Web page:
Natalie Portman and Hugo Weaving star in the much acclaimed V for Vendetta, a film with vengeance and revolution at its heart. Commenting on fascism, totalitarianism as well as the very real fear of terrorism the film makes some interesting political statements.
Originally a graphic novel created by Watchmen creator Alan Moore, V For Vendetta is set in a strangely corrupted version of the UK where the right wing prevails, curfews are implemented by a cruel and intimidating force known as the ‘fingermen’ and freedom of speech is a thing of the past. The characters that inhabit this Orwellian setting are diverse and intriguing. Its protagonists Evey (Portman) and the masked V (Weaving) are linked from the off and their lives become increasingly entwined as the film progresses, culminating in a delectable chemistry. Having saved Evey from various perils V soon discovers that she is an ally he cannot afford to ignore. As he gains her trust she discovers how powerful his revolutionary intents are. Having emerged from a harrowing past V aims on bringing down the government that sanctioned his detention in a scientific experimentation facility that ultimately saw his body horribly scarred.
With V the film boasts a verbose and physically-adept anti-hero. Although his explosive actions and plans are deemed to be against the state (and lead to him being classed as a terrorist) he insists his actions are for the good of the people; and in most respects they are. Hood-winked and conditioned by its government the society portrayed in V For Vendetta need the masked ‘terrorist’ in order to free themselves from the shackles imposed upon them. Through promising to carry out the work Guy Fawkes couldn’t centuries before, V offers hope in a world where hope has been replaced with government and laws. His words are powerful when he addresses the nation but even his confidant Evey needs some gruelling (and rather cruel) goading to believe what is good for her.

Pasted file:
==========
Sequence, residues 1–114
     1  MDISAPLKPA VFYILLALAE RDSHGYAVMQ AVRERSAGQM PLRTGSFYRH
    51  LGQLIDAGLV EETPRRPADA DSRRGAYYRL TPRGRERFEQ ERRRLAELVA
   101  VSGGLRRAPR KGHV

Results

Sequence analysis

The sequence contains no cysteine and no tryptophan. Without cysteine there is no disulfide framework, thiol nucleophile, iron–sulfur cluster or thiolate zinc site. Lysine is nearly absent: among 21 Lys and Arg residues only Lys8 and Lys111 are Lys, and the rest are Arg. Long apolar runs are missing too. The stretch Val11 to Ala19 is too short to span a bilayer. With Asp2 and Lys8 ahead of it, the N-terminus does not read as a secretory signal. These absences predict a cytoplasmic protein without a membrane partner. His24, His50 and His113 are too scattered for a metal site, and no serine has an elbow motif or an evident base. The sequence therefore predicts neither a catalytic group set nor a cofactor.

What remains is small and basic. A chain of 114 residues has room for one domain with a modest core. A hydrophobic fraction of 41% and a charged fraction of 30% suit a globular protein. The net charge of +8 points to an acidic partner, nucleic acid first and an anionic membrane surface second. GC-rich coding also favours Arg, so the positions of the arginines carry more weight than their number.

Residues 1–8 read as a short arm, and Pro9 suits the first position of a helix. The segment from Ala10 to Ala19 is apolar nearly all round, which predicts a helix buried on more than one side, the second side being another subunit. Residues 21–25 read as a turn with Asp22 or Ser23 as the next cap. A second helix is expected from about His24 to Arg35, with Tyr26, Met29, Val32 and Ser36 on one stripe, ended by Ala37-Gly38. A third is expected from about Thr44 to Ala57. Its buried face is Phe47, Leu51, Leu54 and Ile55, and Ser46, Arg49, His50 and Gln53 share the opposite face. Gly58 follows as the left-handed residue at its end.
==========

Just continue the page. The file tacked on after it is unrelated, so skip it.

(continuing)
V’s revolution plays out against the film’s detective strain where Detective Finch begins to unravel the mystery behind the nation’s would-be saviour. Although Finch is likeable he is, unfortunately, rather forgettable when he has the likes of burgeoning ideals, totalitarianism and a stellar performance from Stephen Fry to contend with. V’s ideals, although quite different from his graphic novel counterpart who favoured anarchy over the film’s quest for freedom are both commendable and memorable. In labelling V a terrorist the film’s villainous government also manages to highlight the highly poignant idea that terrorists are only human; it being there ideals that should ultimately be feared. The corruptibility of religion is a recurring theme whilst the imposition of government jargon on the national consciousness hits very close to home.
Although Natalie Portman’s English accent is a little too perfect and the film preaches its point a little too sharply at points it is nonetheless intellectually stimulating as well as being a riveting story. Filled with red herrings, the film’s ideas are fascinating and brings revolution to the apparently stable UK’s doorstep. In kissing V Evey makes an important gesture, although she clearly loves the man who proved to be both her captor and her saviour it also symbolises the love she holds for the ideals he holds. In standing up against government he captures the nation’s attention and unites them against their subtle oppression. When everyone who has died throughout the film appears in the film’s chaotic ending the film’s echo of the cyclic nature of life is revealed. In revealing themselves as hiding behind replicas of V’s mask the dead hark back to film’s proclamation that ideas live on even if their mortal representatives do not.
Viva la revolution!
|The climatic end is great whilst all of V's speeches are captiavting.|
|Any of V's (including his quoting “By the power of truth, I, a living man, have conquered the universe”) as well as 'ideas are bulletproof'.|
|Watch this if you liked|
|The Matrix, The Concert, Nineteen Eighty Four.|
|V's mysterious voice, which happens to be that of Hugo Weaving's (star of the Matrix trilogy) is also the voice used for Rex, the less than friendly sheepdog in Babe.|